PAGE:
There is a great deal of traditional etiquette surrounding wedding invitations, but as societal expectations continue to evolve, many modern couples have been applying these rules more loosely. Below are some tips. Use them as a guide, but remember they are not the "be all end all" of wedding invitation etiquette!
The wedding invitation should be reflective of the tone and formality of the wedding, as it is the first impression guests will receive of the occasion. The first line is typically used to indicate who is hosting the wedding. Traditionally, the host was the bride’s parents, dating back to when a father gave a bride to her groom. This line can also signify the host is the financial sponsor. Both parents can be used to be more inclusive.
Be sure to spell out all dates, times and locations. For example: "Sunday, the twelfth of May at three o’clock in the afternoon."
A line detailing the wedding reception (or separate reception card for very formal weddings) should be included with every invitation. Be sure to indicate a time and location of the reception if it is being held at a different venue than the ceremony.
Addressing the Envelope
Traditional etiquette suggests that all addressing should be done by hand in black ink. With shifting notions of etiquette it is ok to be creative. Pinkpolka offers unique addressing options such as mailing labels or envelope printing. Be sure to write out full names and addresses on the envelope.
Be sure to check postal standards and costs so you have enough postage on your invitations. It is not mandatory to include postage for reply envelopes, however it is much appreciated and helps ensure you receive timely responses from your guests.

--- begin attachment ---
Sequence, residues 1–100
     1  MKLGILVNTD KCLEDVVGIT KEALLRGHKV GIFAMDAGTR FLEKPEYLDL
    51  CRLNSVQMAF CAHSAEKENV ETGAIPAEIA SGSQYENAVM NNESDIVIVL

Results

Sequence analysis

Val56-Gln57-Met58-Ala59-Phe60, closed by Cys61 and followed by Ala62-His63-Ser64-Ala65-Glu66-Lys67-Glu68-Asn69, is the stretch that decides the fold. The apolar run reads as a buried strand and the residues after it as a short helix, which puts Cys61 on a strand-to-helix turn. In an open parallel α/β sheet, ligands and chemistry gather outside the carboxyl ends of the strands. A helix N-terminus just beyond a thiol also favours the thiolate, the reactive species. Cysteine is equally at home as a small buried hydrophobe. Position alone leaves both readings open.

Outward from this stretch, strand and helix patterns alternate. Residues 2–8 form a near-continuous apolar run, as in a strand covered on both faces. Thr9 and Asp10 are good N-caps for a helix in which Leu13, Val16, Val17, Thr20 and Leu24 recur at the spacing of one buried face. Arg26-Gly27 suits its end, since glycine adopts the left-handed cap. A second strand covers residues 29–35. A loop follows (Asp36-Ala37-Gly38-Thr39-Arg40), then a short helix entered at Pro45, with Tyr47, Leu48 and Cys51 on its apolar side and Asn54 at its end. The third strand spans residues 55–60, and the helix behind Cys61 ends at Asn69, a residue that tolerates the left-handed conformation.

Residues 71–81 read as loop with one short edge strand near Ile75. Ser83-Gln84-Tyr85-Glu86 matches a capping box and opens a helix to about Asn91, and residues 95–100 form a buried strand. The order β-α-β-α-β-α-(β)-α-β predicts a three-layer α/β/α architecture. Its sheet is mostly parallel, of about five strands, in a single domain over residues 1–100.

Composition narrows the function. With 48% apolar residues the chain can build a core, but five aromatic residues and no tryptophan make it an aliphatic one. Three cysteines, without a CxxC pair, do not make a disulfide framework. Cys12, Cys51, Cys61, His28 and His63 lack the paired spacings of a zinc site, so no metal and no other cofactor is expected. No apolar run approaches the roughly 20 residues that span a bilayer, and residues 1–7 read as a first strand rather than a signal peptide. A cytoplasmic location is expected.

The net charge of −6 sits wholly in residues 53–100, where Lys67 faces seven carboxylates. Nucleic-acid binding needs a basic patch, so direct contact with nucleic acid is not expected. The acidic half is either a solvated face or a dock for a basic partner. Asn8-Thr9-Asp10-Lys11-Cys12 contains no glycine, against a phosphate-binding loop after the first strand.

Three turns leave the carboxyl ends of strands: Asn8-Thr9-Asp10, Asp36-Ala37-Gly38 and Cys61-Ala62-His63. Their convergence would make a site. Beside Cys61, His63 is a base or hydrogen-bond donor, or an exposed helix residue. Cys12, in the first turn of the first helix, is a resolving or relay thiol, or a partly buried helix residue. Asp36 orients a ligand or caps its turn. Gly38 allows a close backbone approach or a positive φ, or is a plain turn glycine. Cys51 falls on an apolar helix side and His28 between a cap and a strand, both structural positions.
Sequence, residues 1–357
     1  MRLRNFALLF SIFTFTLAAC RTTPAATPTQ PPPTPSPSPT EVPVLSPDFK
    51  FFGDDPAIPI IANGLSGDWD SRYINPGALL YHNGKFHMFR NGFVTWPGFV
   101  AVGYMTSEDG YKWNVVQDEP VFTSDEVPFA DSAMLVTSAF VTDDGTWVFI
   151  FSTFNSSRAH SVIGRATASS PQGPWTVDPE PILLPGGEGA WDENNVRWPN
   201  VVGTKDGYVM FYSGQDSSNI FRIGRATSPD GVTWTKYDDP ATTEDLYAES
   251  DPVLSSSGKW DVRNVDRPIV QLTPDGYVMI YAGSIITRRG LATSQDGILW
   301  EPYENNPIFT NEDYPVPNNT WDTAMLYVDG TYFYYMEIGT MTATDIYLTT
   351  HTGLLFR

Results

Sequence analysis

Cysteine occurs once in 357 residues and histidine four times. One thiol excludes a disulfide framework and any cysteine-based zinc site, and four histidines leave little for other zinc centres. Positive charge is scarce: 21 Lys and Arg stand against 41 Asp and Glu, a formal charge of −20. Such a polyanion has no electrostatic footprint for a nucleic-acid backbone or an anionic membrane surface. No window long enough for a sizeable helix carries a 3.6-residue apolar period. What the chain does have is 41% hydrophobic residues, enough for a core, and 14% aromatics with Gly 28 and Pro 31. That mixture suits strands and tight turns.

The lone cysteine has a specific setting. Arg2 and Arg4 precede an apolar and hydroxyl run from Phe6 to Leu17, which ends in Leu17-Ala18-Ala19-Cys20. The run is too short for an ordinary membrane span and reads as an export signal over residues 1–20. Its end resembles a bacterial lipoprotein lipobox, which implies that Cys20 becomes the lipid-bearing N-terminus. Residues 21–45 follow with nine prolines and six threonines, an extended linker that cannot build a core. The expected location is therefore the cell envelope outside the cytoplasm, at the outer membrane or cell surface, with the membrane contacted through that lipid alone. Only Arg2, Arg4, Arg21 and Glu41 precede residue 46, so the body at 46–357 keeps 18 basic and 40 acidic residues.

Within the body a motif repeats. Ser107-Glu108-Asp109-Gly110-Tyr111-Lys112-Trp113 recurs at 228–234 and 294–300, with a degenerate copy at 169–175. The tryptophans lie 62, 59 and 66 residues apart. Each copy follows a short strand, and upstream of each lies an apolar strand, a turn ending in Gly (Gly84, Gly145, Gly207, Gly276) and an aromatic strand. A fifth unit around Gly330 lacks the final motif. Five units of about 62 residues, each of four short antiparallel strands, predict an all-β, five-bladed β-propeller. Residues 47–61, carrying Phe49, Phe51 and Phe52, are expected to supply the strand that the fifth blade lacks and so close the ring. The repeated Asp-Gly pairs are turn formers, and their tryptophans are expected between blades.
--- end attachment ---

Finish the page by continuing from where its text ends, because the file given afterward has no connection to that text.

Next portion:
A formal request to return a reply should always be made on the wedding invitation. The response is generally requested at least two weeks before the wedding date. A "M___________" is provided for the guest to include their name (i.e. Mrs. Smith). You may want to lightly mark a number on the card and keep a master list of guests in case of illegible handwriting. The response card is also a good place to allow guests to choose their preferred entrée, or to indicate any food allergies and special dietary conditions.
It is helpful to give your guests ample notice for your wedding date. If the guests are local it is standard to send the invitations 6 - 8 weeks before the wedding. If you are inviting out-of-town guests or having a destination wedding, 10 - 12 weeks is standard.
Kids: Whether or not you decide to include children at your wedding, guests should know by the names that appear on the outer envelope of the invitation. Avoid directly stating "no children" or "adults only". You can make your intentions clear by addressing the envelope to the invited guests only. If children are invited, include their names on the second line below the parents. Avoid using "and Family" or "and Kids" as it is vague and unclear of the exact guests invited. You can also include a line on the rsvp card stating “2 (or appropriate number) spots have been reserved in your honour”.
And "Guest": You are not required to include a guest on the invitation for a single friend or family member. If you are aware that a single person is dating someone, it is thoughtful to allow him or her to bring a guest. It is also good etiquette to find out the guest’s name so that the invitation can be properly addressed.
Gift Registry: Although gift registry cards are often used, traditional etiquette frowns upon providing details of gift registries with your wedding invitation. The inclusion of this implies that you expect a gift. Remember: "An invitation calls for presence, not presents".